In one chat session with our cohort last week, we discussed the picture to the left that is Michaelangelo’s painting of God’s Creation of Adam on the ceiling of the Sistine Chapel. In September 2004, I saw this painting from the floor of the Sistine Chapel but I had never considered the significance of the painting.

As you look at the painting some questions to consider: What is the focus of the painting? How is Adam portrayed in the painting? What is God doing? How are they interacting? What does the space between signify?

See what you come up with as you think through this painting. The image is powerful and certainly communicates more than a 1000 words.

how do you know?

“You keep telling yourself what you know. But what do you believe? What do you feel?” said Mal to her husband Cobb.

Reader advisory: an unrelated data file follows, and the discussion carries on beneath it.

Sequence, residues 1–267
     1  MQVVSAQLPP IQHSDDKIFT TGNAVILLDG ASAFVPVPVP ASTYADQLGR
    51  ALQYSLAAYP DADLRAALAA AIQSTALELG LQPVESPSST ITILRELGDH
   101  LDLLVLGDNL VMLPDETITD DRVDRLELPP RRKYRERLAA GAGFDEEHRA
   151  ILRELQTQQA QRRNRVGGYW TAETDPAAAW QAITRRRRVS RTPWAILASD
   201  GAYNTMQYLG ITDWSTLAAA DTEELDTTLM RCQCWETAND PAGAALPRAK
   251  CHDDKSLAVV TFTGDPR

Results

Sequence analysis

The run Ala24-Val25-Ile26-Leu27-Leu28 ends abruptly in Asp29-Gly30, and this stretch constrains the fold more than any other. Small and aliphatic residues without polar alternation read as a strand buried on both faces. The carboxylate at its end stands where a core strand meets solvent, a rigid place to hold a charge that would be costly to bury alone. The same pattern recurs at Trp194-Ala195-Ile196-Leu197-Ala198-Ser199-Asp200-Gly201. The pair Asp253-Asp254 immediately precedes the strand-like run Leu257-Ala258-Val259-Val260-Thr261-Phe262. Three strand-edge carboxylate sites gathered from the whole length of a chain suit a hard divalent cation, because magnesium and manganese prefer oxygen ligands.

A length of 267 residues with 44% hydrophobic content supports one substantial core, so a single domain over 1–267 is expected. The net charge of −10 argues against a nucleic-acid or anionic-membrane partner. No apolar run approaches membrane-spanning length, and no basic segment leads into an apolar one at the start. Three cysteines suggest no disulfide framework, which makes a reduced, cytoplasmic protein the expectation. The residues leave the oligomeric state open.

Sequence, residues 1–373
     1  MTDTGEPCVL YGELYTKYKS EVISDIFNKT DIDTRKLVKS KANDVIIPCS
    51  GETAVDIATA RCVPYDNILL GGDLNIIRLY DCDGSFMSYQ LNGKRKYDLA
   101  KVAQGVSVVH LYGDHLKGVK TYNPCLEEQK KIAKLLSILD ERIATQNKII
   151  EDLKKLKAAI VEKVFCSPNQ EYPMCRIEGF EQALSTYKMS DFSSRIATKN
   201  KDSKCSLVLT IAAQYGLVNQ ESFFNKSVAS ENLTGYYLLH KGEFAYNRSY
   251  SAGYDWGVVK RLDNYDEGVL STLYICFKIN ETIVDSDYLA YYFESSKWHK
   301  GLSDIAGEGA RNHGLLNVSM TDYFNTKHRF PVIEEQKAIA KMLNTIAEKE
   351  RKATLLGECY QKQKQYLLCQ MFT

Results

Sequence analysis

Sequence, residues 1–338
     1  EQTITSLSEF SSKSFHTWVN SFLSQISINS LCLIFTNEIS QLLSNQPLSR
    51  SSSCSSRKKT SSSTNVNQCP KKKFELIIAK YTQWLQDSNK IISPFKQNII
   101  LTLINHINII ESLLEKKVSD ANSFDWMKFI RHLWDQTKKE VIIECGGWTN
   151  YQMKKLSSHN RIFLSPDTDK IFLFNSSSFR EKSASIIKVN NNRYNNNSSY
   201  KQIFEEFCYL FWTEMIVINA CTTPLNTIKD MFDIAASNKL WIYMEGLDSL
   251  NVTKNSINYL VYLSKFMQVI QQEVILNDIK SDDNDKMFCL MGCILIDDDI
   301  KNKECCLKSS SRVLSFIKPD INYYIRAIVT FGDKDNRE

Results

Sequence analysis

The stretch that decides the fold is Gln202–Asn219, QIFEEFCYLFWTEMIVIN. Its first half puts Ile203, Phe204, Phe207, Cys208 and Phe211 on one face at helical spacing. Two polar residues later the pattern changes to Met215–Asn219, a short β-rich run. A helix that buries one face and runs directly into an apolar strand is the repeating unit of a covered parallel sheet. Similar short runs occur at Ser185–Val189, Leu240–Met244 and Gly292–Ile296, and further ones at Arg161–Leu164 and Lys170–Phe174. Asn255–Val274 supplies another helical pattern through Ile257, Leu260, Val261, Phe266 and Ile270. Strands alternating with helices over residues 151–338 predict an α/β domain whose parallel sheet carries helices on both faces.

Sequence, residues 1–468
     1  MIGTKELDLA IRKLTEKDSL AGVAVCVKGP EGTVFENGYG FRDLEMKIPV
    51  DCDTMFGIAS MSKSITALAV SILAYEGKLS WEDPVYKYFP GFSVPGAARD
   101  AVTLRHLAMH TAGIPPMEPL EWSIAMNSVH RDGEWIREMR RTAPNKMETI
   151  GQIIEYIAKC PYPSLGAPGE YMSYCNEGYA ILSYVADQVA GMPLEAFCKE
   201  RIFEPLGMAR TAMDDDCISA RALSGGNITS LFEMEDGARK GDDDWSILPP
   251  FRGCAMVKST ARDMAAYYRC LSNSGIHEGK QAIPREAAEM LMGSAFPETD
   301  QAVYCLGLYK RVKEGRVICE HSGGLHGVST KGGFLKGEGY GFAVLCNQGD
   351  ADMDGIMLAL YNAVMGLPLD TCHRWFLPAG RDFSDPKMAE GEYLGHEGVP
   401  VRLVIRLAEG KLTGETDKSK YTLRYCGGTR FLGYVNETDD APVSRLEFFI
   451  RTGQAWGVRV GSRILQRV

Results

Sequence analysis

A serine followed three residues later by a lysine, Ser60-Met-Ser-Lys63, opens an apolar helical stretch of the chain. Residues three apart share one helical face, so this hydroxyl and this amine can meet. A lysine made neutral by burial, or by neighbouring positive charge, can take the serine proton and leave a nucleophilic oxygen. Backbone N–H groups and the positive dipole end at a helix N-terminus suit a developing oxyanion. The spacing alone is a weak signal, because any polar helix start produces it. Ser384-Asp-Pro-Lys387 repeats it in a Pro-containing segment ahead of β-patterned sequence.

There are many layers to the movie Inception and on my second viewing with new friends from my new doctoral cohort, I was captivated by the questions surrounding how we know, believe, feel and experience reality.

As a part of an earlier conversation in the day, Len Sweet shared that we can recognize reality by it pushing back. This is the future story we will live with holograms and avatars. Inception poses the solution of knowing reality by the physical marker of a totem–a physical item with specific characteristics and weight unique to every person. This makes a great deal of sense to me when I think about the Reality of God.

What are your totems that bring you back to the Reality of God?